New COVID-19 cases in Israel ticked up again on Thursday, as fears of the spread of the new Omicron variant continue to worry health officials.
According to the latest Health Ministry statistics, 1,400 new COVID cases were confirmed on Wednesday, the highest since mid-October. The positivity rate also trended slightly upward, reaching 1.44%, compared to 1.24% a day earlier and 0.9% a week ago.
The reproductive rate, or “R” number, also continued its gradual rise, hitting 1.34, up from 1.02 in early December. The transmission rate is based on data from 10 days earlier and any value above 1 shows that the pandemic is growing.
Serious cases and hospitalizations, however, continue to remain low, as early studies suggest Omicron may not produce as severe symptoms as the Delta variant, though much is still unknown. As of Thursday morning, there were 9,591 active COVID cases in Israel, with 124 of them hospitalized, 83 in serious condition and 39 on ventilators.
It is unclear how many of the new cases are linked to the new Omicron variant. On Monday, the Health Ministry confirmed another 170 Omicron cases, bringing the known total to 341 overall. The ministry said at the time that another 807 infections were “highly suspected” to be Omicron cases, but it has not provided an update since.
Health experts continue to urge parents to vaccinate their children, and for adults and teens to receive booster doses to help curb the spread of Omicron. And some appear to be heeding the call, as 9,402 people received a first dose of the COVID vaccine on Wednesday, the highest one-day rate since late November.
So far, 13% of all 5- to 11-year-olds in Israel have received at least one dose of the COVID shot, a month after they first became eligible. By contrast, close to 62% of all 12- to 15-year-olds, who became eligible for the vaccine in July, have received at least one shot. Overall, close to 70% of all Israelis have received at least one dose of the vaccine, and 45% have received three doses.
Close to 50% of all new cases diagnosed on Wednesday were among school-age children, and more than 35,000 students are currently in quarantine following exposure to a COVID patient.
Fears of Omicron led Israel to shut its borders to non-citizens and severely restrict Israeli travel overseas. As of Wednesday, Israelis were banned from traveling to dozens of countries, including the US, UK, Canada, South Africa and France.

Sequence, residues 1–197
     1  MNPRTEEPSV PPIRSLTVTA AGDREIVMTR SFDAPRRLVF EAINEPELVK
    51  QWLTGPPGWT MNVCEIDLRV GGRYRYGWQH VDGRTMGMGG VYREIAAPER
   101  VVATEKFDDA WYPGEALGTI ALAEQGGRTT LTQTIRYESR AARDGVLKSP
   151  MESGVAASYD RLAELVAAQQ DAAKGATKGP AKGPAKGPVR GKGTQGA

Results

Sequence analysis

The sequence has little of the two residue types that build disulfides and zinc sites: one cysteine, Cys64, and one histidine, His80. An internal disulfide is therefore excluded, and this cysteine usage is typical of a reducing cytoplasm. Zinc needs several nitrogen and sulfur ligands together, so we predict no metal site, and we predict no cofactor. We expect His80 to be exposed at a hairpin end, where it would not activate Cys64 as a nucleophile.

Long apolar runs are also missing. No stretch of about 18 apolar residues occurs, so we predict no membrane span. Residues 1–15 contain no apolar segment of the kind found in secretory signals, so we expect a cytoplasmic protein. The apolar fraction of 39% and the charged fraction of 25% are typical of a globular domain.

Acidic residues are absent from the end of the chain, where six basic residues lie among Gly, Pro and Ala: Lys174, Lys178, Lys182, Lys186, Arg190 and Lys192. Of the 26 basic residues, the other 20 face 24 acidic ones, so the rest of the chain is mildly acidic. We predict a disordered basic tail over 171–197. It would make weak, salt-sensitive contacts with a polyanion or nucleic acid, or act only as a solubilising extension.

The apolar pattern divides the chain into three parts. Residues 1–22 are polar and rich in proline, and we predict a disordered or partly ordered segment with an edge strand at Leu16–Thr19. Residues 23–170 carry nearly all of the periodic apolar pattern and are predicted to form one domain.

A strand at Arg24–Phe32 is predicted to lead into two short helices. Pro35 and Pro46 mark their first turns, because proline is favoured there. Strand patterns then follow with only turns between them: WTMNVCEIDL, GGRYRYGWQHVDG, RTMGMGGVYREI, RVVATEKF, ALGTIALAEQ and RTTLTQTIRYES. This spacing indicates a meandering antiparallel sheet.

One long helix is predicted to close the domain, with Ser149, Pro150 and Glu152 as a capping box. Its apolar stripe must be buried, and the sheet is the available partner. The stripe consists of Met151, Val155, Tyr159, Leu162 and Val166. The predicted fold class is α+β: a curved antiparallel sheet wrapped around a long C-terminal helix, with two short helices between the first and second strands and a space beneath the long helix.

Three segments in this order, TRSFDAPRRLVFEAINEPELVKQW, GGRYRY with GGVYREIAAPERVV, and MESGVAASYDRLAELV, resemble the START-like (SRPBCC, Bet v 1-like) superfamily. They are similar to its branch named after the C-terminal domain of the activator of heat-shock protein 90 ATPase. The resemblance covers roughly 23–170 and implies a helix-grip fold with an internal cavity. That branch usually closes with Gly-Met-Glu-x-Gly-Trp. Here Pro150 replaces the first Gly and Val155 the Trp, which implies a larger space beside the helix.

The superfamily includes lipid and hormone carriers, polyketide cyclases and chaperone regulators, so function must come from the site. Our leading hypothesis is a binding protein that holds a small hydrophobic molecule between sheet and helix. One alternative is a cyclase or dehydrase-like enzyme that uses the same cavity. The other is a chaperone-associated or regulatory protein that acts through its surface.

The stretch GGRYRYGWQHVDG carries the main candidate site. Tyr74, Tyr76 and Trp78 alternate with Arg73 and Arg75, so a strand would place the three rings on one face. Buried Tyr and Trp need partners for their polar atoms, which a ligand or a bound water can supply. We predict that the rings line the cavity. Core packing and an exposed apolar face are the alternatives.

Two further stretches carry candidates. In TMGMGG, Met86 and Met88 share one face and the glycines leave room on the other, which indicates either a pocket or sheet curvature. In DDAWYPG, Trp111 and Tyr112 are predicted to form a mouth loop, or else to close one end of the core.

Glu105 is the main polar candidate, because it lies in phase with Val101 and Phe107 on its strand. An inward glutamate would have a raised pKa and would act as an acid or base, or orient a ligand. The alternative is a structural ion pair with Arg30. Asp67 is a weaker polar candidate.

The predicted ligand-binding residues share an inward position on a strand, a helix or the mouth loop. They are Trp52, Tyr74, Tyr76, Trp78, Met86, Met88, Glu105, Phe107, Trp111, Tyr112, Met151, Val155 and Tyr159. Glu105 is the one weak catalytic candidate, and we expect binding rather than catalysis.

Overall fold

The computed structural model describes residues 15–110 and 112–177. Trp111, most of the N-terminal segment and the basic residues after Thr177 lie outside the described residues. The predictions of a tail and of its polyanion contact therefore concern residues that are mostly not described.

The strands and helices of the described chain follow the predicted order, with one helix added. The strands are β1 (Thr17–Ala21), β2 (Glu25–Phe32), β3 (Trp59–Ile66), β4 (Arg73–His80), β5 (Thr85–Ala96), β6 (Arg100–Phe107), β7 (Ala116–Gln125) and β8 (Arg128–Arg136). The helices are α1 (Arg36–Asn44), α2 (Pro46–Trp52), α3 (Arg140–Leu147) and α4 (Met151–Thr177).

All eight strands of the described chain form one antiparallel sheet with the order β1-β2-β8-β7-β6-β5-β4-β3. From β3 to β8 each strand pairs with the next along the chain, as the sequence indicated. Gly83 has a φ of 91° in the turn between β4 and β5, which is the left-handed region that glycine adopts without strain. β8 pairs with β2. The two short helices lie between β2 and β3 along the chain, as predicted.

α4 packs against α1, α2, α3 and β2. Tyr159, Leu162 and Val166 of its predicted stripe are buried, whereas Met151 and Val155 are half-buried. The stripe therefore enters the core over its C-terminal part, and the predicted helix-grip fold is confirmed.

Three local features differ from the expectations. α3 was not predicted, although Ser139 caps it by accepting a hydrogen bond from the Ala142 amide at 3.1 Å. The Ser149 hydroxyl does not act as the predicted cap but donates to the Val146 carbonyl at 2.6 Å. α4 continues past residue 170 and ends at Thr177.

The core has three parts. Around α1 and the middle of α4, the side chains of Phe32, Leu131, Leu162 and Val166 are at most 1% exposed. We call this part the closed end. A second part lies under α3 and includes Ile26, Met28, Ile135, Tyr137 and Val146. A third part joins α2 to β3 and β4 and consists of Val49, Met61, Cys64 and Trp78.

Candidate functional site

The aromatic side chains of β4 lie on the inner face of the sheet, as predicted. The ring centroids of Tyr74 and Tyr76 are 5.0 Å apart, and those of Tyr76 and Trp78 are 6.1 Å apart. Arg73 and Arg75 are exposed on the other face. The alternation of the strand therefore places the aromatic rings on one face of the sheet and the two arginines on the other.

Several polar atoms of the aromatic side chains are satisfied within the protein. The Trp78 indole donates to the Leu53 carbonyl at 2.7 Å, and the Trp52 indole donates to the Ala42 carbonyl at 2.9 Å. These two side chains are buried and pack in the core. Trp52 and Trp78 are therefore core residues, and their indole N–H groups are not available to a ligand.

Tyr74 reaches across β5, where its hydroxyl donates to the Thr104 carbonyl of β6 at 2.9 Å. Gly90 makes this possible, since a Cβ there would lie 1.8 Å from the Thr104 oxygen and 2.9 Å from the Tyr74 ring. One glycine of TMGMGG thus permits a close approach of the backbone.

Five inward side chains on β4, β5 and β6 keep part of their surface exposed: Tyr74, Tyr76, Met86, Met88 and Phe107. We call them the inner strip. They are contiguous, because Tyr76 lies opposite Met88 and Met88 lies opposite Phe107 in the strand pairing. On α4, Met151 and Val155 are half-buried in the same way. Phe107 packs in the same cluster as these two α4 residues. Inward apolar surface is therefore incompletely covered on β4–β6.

After a fiery debate in the coronavirus cabinet earlier this week, Health Minister Nitzan Horowitz said Thursday that he does not support extended lockdowns and travel restrictions.
“We have to understand that COVID will be with us for a long time,” Horowitz told Army Radio. “There is a devious virus and we are learning to live with it. We cannot always lock down and shut down the skies completely. We can’t endlessly live in a bunker.”
Horowitz criticized, however, recent comments by Finance Minister Avigdor Liberman, who opposed restrictions on businesses and suggested the government would not pay compensation to those affected.
“I heard the comments by the finance minister, and I do not agree with him on the issue of compensation, and neither do other ministers,” said Horowitz. “If we impose restrictions that will close off certain industries, the government will certainly pay compensation.”
Economy Minister Orna Barbivai also suggested that a new COVID lockdown was not inevitable.
“Nobody is planning a lockdown, and if we get there, then we seemingly did not act correctly — either the public is not cooperating or we didn’t vaccinate enough,” Barbivai told the Kan public broadcaster Thursday morning. “Because we know this variant is on the way, we want to prevent contagion and death. I see great willingness among businesses to cooperate.”
Ministers on Tuesday night voted to institute several new restrictions, including limiting occupancy at shopping malls, allowing entry to non-essential stores only for those with a “Green Pass,” and switching to remote learning in schools in “red” and “orange” localities — with high rates of contagion or new cases — where less than 70 percent of the classroom is vaccinated.
And health officials recommended Tuesday night that Israel begin offering a fourth COVID-19 vaccine shot for over-60s, some at-risk groups and medical personnel.